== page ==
Now when you search for a person or a place in the All Galicia
Database (freely available at http://search.geshergalicia.org/), at
the bottom of the page of results, you'll see links to matching search
results in relevant databases at JewishGen. And when you do a search
in JewishGen's All-Ukraine Database or All-Poland Database, at the
bottom of their page of results you'll see links to relevant matches
in the All Galicia Database.

This data sharing is accomplished using Gesher Galicia's new API
(Application Programming Interface), which allows our data to stay
solely on our own servers, but still allows other organizations'
computer systems to quickly see if there are any appropriate matches
in our holdings, and generates the appropriate direct links.
Similarly, JewishGen's data holdings remain solely on their own
servers, but they're able to generate deep links to relevant data
sets, where appropriate.

This important data sharing work was first discussed a few years ago,
with the support and cooperation of our late President Pamela
Weisberger z''l, and we are proud to finally be able to bring this
work to fruition in her memory. Her name remains as a co-author on
the data sharing agreement that was signed by the two groups.

Thank you to Warren Blatt and Michael Tobias for all their hard work
at JewishGen to help make this project into a reality.

Gesher Galicia hopes to use this new API to share our data -- which
currently stands at 455,115 records >from 294 different data sources,
and growing every month -- with more non-profit organizations in the
near future. Happy searching!


- Brooke Schreier Ganz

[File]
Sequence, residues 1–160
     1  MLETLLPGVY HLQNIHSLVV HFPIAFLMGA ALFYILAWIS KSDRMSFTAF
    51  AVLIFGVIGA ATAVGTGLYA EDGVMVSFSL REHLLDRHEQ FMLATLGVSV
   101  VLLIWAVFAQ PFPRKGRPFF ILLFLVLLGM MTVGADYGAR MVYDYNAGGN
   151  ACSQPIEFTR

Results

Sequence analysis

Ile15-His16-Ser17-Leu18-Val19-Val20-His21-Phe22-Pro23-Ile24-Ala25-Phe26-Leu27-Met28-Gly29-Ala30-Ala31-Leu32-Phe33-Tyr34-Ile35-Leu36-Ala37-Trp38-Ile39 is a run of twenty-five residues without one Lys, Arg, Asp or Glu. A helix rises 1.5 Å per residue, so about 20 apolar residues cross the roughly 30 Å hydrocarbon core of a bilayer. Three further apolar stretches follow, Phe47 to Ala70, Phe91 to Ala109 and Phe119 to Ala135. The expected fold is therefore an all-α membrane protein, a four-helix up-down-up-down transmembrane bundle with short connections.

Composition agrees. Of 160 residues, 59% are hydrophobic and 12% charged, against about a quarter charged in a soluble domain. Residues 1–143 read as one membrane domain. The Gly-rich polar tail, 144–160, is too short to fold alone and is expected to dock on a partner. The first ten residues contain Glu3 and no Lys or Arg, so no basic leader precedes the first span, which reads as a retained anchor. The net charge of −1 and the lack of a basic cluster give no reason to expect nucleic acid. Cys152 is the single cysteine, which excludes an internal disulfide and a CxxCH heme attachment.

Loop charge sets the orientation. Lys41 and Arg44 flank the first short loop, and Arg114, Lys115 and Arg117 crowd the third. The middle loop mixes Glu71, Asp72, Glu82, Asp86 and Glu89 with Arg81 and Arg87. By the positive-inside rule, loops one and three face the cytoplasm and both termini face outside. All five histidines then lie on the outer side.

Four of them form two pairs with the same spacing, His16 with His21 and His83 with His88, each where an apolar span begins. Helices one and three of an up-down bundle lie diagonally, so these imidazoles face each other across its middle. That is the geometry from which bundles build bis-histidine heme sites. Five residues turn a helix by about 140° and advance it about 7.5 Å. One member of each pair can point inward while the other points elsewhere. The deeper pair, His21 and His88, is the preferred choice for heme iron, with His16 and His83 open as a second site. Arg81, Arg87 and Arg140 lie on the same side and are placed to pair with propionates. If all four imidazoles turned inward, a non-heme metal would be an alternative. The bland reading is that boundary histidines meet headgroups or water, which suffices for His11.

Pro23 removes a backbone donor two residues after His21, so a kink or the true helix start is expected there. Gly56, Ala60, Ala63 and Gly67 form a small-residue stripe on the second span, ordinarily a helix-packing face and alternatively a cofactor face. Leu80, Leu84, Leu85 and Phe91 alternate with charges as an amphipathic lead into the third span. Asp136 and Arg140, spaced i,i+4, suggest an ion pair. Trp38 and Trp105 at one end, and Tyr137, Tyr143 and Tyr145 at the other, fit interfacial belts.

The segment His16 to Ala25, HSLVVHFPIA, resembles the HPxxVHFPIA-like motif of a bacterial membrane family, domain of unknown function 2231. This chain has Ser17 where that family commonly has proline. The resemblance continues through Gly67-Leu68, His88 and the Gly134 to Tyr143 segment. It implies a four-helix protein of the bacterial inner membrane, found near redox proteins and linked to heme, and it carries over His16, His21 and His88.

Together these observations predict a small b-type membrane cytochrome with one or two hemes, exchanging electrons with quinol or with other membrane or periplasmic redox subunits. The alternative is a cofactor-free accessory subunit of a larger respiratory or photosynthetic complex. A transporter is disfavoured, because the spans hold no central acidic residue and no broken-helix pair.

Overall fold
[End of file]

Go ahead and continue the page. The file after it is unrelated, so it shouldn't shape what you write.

currently Seattle, Washington (but back to Mill Valley, California tomorrow)


Ukraine SIG #Ukraine Gesher Galicia's All Galicia Database and JewishGen's All-Poland and All-Ukraine Databases start data linking agreement #ukraine

Asparagirl <asparagirl@...>
 

Gesher Galicia is proud to announce that we have started a new data
sharing initiative with our friends at JewishGen.org!

Now when you search for a person or a place in the All Galicia
Database (freely available at http://search.geshergalicia.org/), at
the bottom of the page of results, you'll see links to matching search
results in relevant databases at JewishGen. And when you do a search
in JewishGen's All-Ukraine Database or All-Poland Database, at the
bottom of their page of results you'll see links to relevant matches
in the All Galicia Database.

This data sharing is accomplished using Gesher Galicia's new API
(Application Programming Interface), which allows our data to stay
solely on our own servers, but still allows other organizations'
computer systems to quickly see if there are any appropriate matches